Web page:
A new mapping tool is making medical supply chains more transparent and trades easier to finance by listing the suppliers of critical Covid-19 goods, including masks, gowns and ventilators, as well as the manufacturers of components that make those products, and the banks that finance them, across the world.

The tool, developed and launched by the Asian Development Bank (ADB) trade and supply chain finance programmes, maps entire supply chains for products vital to frontline healthcare workers, including N95 respirators, face shields, goggles, aprons, surgical masks and gowns.

It enables governments, banks, investors and healthcare professionals to trace the companies that make each component in products such as ventilators, down to the metal and rubber that goes into each part.

“To fix any supply chain problems, we need an in-depth description of what goes into these products and which companies are involved,” says ADB’s head of trade and supply chain finance Steven Beck. “Mapping these supply chains means that if help is needed, banks, investors, and governments can use the data to quickly relieve bottlenecks and ramp up supplies.”

He adds that the tool also makes it easier for banks or investors to finance a company struggling to meet increased demand because of liquidity issues.

For example, if a shortage of rubber gaskets is holding up the production of ventilators, the tool could be used to find the companies making those gaskets, as well as information detailing the size and turnover of them, their location, and how many people they employ. It shows which banks the companies use, providing further information on how to dismantle barriers to financing.

“What this is doing is making people aware of where the companies are in the Covid-19 supply chain and allowing banks to finance those organisations,” says Rebecca Harding, independent economist and CEO of Coriolis Technologies, one of the data sources of the new tool. “It’s enabling the banking sector to step up and finance these companies.”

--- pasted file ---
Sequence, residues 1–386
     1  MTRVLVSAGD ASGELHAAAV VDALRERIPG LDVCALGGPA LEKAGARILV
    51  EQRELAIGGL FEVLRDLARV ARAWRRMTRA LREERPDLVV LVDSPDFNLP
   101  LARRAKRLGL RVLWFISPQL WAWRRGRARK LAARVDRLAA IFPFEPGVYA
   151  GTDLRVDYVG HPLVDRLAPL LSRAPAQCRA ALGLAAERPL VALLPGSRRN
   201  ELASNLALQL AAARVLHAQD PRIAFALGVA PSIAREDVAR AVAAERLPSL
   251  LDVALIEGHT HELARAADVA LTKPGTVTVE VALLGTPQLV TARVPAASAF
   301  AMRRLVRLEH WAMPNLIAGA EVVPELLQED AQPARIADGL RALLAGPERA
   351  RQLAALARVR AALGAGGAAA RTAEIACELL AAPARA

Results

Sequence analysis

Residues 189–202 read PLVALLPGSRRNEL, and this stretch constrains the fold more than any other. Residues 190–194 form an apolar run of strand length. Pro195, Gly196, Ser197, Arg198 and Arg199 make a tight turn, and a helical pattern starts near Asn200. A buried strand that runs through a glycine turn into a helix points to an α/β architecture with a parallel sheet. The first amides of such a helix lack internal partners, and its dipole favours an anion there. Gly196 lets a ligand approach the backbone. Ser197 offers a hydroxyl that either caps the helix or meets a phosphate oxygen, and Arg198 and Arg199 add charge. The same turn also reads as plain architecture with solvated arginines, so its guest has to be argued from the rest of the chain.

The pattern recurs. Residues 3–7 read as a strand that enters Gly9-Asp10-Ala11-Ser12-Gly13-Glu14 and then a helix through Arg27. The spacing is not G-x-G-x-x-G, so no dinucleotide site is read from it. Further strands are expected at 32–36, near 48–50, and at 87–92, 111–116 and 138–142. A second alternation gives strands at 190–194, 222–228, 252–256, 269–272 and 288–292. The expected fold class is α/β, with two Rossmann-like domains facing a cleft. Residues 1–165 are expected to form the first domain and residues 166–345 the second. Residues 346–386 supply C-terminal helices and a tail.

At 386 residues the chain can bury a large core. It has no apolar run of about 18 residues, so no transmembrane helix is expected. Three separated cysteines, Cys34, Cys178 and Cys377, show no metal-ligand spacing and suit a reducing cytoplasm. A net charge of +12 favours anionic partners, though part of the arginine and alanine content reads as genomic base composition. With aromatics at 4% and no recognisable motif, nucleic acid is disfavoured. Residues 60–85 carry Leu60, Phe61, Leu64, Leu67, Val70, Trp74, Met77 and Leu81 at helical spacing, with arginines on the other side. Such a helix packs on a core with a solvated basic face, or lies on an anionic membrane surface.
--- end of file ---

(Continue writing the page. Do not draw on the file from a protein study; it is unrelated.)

Over a period of seven weeks from April 1, ADB’s trade and supply chain finance programmes supported more than 1,087 transactions valued at US$688mn, with supply chain support extended for 19 medical or pharmaceutical transactions worth more than US$5.5mn.

But it is not just the medical supply chain which could benefit from mapping. Pointing to the energy and food sectors, Harding says: “They will become incredibly important over the coming months because there will be food shortages, and this is going to affect people’s lives. We need to use big data techniques to ease this, so we can start to lift the lid on those supply chains.

“In a big data world, saying you can’t do it because of complexity is an excuse. There should be far more effort across other supply chains to do this.”


Export bans and Covid-19 scams

A lack of understanding and transparency over which companies make what products and where has led some countries to ban the export of medical supplies and other products.

As of May 29, 89 jurisdictions are reported to have executed a total of 156 export controls since the beginning of 2020, reports the Global Trade Alert team at Switzerland’s University of St Gallen.

In terms of medical supply chains, there are many different Covid-19 supplies needed to protect frontline workers and treat those infected with the virus, and where these supplies are produced varies widely. Bans on exports of domestically-made products do not fix the demand issue for supplies that need to be imported from elsewhere. The World Bank has warned against such action.

Mapping supply chains and making them more transparent could also help those buying, and banks financing, goods ensure a legitimate maker.

In April, the European Banking Authority (EBA) warned of the threat of Covid-19-related scams with regards to international trade. “There is already some evidence of increased levels of cybercrime, Covid-19-related frauds and scams targeting vulnerable people and companies, of fake fundraising campaigns and of criminal networks selling rationed goods at a higher price,” it said.

Later that month, Interpol revealed that a complex fraud scheme using compromised emails and advance payment fraud involving the sale of non-existent masks had been uncovered by financial institutions and authorities across Germany, Ireland and the Netherlands.